- Published: January 10, 2019
Joe was born on Oct. 13, 1926, in Richmond, Va., to Irene and Joseph Johnson. He earned a Bachelor of Science degree in chemistry from Virginia Union, but his dream was to become a chemical engineer. Unfortunately, in the 1950s in Virginia, African Americans were not allowed to attend engineering schools. Undaunted, Joe enlisted in the Army Air Corps, served as an airplane mechanic overseas, and then used the benefits of his service to earn his chemical engineering degree from New York University.
Joe was working for Dupont in Louisville, Ky., when he met his future wife, Juanita Taylor. They married on Jan. 28, 1953, and raised five children. Joe joined the Air Force, as a civilian, and worked in propulsion. That took him to California and the Jet Propulsion Laboratory, where he was on the team that designed the fuel for the Apollo rockets that took the first astronauts to the moon. After California, the family moved to Washington, D.C., where he worked at the Pentagon. But life in D.C. became very chaotic as they lived through the riots precipitated by the assassinations of Robert Kennedy and Martin Luther King Jr.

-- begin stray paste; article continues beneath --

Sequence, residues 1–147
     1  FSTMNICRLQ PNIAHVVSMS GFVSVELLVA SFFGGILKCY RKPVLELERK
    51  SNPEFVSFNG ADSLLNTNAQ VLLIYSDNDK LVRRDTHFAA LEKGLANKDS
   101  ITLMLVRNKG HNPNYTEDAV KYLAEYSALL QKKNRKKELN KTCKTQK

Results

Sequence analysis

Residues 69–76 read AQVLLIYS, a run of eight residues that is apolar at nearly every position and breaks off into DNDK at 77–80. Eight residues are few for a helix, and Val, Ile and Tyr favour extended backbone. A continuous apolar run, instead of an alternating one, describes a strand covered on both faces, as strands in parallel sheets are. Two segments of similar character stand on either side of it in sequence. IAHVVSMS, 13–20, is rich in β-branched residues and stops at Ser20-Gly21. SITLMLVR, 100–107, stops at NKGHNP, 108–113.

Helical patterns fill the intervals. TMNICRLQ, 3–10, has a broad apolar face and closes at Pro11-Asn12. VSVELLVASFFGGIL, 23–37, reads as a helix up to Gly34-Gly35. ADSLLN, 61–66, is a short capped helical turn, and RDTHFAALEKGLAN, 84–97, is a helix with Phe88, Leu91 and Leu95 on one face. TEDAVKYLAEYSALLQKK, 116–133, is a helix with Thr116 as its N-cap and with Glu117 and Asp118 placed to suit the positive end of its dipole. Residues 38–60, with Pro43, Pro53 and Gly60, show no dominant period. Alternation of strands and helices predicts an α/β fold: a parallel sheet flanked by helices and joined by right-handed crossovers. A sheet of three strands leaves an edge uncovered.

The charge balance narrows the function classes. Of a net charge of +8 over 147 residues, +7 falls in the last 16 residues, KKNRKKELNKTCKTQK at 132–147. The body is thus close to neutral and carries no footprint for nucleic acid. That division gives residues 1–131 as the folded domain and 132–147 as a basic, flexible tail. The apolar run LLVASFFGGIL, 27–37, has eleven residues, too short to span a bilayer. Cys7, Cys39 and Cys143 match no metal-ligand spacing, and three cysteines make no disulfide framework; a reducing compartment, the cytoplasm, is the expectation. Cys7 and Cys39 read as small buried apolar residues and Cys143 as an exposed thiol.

Seeking a more tranquil environment in which to raise their children, Joe transferred to Wright-Patterson Air Force Base and, in 1970, he, Juanita and the family settled in Yellow Springs. Joe eventually retired from WPAFB as chief of planning for the Propulsion Laboratory. After retirement, Joe taught business classes at Central State University, as he had also earned a master’s degree in business from Central Michigan University.
Throughout his time in Yellow Springs, Joe was a devoted member of the First Presbyterian Church of Yellow Springs.
Joe was preceded in death by his father, mother and his brother, Ben. Survivors include his wife, Juanita; children, Joseph H. Johnson III, James Thomas Booker Johnson, Janice Irene Johnson, Jeffrey David Johnson and Jilonda Loraine Wilcox; his grandchildren, Mara Wilcox, Taylor Wilcox and Edward Johnson; and his sister, Mildred. The family would like to thank Joe’s many friends, and especially the members of the Presbyterian Church for the support they have given Joe and his family through the years, and especially in the last two weeks.